Imagine finding out you have parasitic eye worms living inside your eyeballs like in the TV series, The Strain.
If I found a worm slithering out of my eyeball, I would completely lose it.
However, a 68-year-old Nebraskan woman seems to be made from stronger steel than me.
This is because she waited until the third worm popping out of her right eye before going to the doctor. Later, it was found that she is the second-ever human victim of this species of worm.
How Was She Infected With The Parasitic Eye Worms?
The 68-year-old was running along a trail in Carmel Valley, in February 2018 while visiting California.
When on a morning run along a forest trail, she ran into a large swarm of flies. She swatted the flies away from her face and continued on with her run.
However, unbeknownst to her, the flies she ran into were not your average garden variety flies. Instead, there were Musca autumnalis flies, better known as face flies (1).
For the most part, these files are considered pests. This is because they hover around the eyes and drink tears from cattle and other animals.
When the woman returned to Nebraska a month later, she experienced some irritation in her right eye. When she looked in the mirror, she found horror staring back at her. It was a translucent roundworm about half an inch in size that was swirling around her eyeball.
Dr. Richard Bradbury from CDC’s Parasitic Disease Reference Lab said, “The vector fly will expel larvae onto the surface of the eye or the conjunctiva while feeding on lacrimal secretions (tears, etc.). This can happen very quickly, so the fly would not have had to sit on the eye for more than a few seconds to expel the larvae.”
Apparently, while swatting the many flies off her face, one managed to land on her eye for a few seconds to lay larvae.
Dianne Travers Gustafson is one of the experts who have studied this second incident in the US and are trying to find out if there’s more in store for us (2).
The First Case Of Human Parasitic Eye Worms In The US:
The report on the first case of the cattle eye worm is published in The American Society of Tropical Medicine and Hygiene (3).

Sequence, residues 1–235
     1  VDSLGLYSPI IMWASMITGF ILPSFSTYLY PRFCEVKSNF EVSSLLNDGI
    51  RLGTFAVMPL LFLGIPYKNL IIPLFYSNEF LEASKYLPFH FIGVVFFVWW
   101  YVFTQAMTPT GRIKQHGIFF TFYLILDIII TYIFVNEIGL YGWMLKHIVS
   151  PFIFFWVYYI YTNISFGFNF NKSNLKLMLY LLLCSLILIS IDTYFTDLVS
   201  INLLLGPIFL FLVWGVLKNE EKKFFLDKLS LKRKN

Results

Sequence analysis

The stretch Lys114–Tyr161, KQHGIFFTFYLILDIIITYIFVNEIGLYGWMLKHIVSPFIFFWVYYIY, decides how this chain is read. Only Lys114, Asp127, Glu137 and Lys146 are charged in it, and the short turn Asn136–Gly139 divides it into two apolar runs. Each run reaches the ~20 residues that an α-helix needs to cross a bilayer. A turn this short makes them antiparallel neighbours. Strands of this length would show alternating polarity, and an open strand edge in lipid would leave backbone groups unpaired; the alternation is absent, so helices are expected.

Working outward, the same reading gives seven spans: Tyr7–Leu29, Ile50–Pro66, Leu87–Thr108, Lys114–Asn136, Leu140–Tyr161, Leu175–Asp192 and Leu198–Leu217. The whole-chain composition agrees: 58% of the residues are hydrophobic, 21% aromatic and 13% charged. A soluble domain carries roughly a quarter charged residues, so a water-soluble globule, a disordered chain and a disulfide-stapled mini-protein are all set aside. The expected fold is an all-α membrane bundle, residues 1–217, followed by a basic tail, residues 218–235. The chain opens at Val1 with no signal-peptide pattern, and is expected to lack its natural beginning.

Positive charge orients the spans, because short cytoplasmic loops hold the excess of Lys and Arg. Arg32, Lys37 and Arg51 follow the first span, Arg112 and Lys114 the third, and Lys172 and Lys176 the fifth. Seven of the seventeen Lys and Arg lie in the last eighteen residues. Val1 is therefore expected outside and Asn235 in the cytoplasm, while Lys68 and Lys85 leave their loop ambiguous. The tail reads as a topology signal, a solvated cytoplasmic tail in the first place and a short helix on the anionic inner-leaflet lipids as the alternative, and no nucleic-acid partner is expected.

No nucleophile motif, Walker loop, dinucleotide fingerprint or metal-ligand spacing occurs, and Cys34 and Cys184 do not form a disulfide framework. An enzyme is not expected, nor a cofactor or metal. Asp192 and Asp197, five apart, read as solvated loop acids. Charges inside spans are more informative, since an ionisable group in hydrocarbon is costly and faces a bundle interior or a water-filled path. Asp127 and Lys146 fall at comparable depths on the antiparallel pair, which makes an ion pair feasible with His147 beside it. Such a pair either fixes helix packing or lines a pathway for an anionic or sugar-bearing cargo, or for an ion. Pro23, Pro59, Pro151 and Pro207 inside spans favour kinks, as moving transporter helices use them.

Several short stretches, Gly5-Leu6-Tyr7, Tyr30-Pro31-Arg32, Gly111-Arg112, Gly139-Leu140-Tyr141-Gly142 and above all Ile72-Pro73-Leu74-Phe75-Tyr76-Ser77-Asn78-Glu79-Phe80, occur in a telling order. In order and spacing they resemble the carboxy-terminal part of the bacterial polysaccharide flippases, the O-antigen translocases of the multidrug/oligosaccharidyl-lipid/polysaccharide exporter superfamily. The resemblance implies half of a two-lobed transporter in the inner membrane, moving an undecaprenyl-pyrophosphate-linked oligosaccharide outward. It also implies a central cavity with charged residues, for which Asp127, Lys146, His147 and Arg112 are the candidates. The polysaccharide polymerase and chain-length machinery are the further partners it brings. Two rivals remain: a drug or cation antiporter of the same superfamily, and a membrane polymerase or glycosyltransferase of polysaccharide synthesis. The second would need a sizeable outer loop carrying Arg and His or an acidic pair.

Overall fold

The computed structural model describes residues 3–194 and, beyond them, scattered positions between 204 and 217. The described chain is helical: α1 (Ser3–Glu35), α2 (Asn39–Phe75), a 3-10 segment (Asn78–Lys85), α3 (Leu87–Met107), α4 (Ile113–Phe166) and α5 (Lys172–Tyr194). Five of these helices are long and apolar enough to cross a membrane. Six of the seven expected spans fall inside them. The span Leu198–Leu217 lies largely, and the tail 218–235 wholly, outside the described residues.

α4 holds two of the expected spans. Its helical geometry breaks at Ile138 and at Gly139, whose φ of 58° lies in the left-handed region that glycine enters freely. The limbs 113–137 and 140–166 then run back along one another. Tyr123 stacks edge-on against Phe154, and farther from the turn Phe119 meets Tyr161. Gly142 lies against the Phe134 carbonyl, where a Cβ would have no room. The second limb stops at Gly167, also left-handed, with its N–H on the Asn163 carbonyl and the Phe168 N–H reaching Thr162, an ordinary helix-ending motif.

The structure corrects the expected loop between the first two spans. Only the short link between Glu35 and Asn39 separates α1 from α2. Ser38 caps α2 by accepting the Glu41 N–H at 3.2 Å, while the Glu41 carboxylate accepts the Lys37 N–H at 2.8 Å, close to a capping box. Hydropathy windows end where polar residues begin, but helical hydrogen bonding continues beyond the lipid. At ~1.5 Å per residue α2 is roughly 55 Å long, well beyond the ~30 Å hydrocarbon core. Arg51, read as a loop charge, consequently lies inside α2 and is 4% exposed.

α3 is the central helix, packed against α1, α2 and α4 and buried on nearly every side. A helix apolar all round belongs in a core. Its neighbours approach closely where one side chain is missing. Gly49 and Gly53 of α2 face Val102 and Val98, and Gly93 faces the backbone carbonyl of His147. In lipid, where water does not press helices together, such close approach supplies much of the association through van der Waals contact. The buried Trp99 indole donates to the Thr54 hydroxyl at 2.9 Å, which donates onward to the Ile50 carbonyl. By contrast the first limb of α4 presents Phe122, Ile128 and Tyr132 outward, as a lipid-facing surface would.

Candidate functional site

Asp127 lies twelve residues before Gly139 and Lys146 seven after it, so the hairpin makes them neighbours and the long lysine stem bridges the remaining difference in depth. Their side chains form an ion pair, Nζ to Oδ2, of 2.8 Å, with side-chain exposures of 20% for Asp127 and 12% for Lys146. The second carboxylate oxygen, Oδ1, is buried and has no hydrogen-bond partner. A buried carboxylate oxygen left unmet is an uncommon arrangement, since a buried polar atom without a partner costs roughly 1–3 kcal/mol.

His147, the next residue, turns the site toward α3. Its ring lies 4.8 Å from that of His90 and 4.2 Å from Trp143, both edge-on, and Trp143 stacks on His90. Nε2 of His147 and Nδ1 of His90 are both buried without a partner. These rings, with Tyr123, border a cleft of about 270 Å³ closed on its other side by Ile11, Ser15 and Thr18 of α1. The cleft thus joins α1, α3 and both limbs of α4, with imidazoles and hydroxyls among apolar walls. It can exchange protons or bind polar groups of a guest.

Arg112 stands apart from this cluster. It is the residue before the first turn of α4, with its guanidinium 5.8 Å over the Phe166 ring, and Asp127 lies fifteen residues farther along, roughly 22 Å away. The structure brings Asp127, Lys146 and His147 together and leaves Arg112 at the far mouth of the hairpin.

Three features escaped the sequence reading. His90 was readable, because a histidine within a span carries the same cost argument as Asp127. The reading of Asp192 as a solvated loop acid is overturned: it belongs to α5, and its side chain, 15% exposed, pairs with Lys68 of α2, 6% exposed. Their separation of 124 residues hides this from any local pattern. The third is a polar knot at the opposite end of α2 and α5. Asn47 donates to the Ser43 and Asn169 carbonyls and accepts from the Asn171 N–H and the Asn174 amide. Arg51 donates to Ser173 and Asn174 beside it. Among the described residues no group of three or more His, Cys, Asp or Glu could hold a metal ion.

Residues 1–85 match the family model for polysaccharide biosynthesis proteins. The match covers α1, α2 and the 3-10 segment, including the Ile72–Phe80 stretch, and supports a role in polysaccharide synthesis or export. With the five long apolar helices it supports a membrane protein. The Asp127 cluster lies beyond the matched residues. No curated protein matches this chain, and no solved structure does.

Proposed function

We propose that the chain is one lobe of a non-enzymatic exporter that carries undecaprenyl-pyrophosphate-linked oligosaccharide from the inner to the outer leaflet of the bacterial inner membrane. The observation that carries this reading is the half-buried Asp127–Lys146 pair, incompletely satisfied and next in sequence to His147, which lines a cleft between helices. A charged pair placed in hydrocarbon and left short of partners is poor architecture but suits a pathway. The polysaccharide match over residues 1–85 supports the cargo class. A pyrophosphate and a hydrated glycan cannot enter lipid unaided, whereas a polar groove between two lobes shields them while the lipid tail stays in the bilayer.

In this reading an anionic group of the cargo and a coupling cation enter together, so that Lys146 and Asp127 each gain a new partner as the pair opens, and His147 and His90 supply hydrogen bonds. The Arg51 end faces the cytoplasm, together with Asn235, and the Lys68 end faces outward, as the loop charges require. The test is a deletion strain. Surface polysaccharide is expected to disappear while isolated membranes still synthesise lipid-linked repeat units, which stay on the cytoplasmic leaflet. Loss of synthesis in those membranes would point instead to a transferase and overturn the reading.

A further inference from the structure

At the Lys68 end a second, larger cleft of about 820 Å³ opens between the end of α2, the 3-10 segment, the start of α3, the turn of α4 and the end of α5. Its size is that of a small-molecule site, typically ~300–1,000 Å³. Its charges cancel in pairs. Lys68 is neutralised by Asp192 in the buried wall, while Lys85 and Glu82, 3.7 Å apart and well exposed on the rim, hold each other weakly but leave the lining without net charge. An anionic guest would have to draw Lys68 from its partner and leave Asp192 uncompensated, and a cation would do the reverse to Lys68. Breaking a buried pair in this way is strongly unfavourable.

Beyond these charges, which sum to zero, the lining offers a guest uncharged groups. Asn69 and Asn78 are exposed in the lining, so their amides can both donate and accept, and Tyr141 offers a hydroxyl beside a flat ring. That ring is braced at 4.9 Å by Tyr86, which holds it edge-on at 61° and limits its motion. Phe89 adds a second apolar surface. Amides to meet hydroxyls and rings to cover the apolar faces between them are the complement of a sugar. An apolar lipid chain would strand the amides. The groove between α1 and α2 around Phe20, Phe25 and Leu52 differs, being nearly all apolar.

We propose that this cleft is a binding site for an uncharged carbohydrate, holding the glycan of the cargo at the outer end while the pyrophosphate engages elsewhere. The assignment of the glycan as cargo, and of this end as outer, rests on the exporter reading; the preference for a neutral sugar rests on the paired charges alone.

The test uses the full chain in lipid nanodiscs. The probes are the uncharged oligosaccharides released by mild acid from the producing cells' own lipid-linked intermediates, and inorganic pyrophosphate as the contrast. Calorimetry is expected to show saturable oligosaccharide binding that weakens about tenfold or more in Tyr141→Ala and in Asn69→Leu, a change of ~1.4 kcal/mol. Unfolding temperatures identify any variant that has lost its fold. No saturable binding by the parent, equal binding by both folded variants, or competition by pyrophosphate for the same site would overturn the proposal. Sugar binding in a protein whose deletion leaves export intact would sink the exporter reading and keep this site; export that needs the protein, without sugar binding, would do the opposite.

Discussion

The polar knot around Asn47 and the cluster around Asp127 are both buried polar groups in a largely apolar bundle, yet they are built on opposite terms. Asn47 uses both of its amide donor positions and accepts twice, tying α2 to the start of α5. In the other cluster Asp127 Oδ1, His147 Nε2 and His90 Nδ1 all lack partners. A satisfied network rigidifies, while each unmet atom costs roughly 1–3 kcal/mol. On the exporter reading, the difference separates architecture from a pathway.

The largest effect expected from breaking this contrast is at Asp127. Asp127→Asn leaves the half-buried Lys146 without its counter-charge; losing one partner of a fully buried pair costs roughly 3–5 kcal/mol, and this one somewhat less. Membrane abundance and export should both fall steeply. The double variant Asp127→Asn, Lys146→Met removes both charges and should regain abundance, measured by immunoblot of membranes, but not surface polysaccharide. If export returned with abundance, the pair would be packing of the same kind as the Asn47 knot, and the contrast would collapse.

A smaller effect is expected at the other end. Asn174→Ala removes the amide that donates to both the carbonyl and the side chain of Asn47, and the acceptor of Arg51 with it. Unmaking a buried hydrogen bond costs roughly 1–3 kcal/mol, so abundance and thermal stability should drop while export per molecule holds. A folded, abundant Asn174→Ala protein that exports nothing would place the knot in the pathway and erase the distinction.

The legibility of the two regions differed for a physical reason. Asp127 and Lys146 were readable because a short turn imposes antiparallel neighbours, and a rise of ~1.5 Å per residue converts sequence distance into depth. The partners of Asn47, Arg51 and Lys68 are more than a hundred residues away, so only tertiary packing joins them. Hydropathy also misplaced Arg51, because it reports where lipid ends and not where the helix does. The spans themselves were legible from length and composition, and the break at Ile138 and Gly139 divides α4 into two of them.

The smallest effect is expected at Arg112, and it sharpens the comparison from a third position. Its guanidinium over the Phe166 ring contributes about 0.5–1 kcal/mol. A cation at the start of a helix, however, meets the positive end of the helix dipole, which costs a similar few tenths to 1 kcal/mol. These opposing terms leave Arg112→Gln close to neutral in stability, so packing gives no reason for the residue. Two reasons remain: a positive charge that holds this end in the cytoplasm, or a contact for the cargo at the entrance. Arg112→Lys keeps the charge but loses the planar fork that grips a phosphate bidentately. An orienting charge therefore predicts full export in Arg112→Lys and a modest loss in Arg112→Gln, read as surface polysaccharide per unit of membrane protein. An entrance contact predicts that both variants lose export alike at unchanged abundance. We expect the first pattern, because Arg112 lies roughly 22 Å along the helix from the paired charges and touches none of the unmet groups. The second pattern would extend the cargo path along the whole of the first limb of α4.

This case had a 26-year-old female (Abby Beckley) in Oregon that had to have 14 worms removed from her left eye. The perpetrators were identified to be the Thelazia gulosa worm, also known as the cattle eyeworm.
Experts are concerned with this development because the cattle eyeworm, as the name suggests, usually only affects cattle.
But now that one (now two) humans have been infected, will there be more cases reported over the next few weeks or months?
What Is The Thelazia Gulosa (Cattle Eyeworm)?
The Thelazia gulosa is the third species of Thelazia to be able to infect a human eye.
According to Dr. Bradbury, he needed to dig out a 1928 research paper (in German) to identify the strain of worm. It’s just that rare.
These worms mature in the face fly’s digestive tract and move to the fly’s mouthparts in their late-stages.
The worms infect the tear ducts of the victims when the face fly lands on their eyes. The most common known victims of this parasite are cattle, dogs, and horses.
After they transform into adults and produce more larvae, they are picked up by another face fly to continue the whole cycle again.
However, this wasn’t possible in this woman’s case since there were no face flies to continue onto the next stage.
What ended up happening is that the adult eye worms were forced to come out of the eyelids. This happened when she squeezed her inflamed eyelid which had swollen due to the infestation.
The only saving grace about Thelazia gulosa is that the parasitic eye worms don’t burrow inside the eyeball.
Even then, none of us would be relieved if we were told that there we were infected with parasitic eyeworms.
Is The US Under Threat From Parasitic Eye Worms?
In regards to the emergence of this parasite in the US, Dr. Bradbury said, “While it may just be a ‘fluke’ event that two cases have occurred within a year or two of each other, it does raise the possibility that something might have changed in the ecology of T. gulosa in the USA to cause it to start occasionally infecting humans.”
The CDC advises anyone who thinks that may have eye worms should immediately seek medical help to confirm, identify, and remove the worms (4).Modified on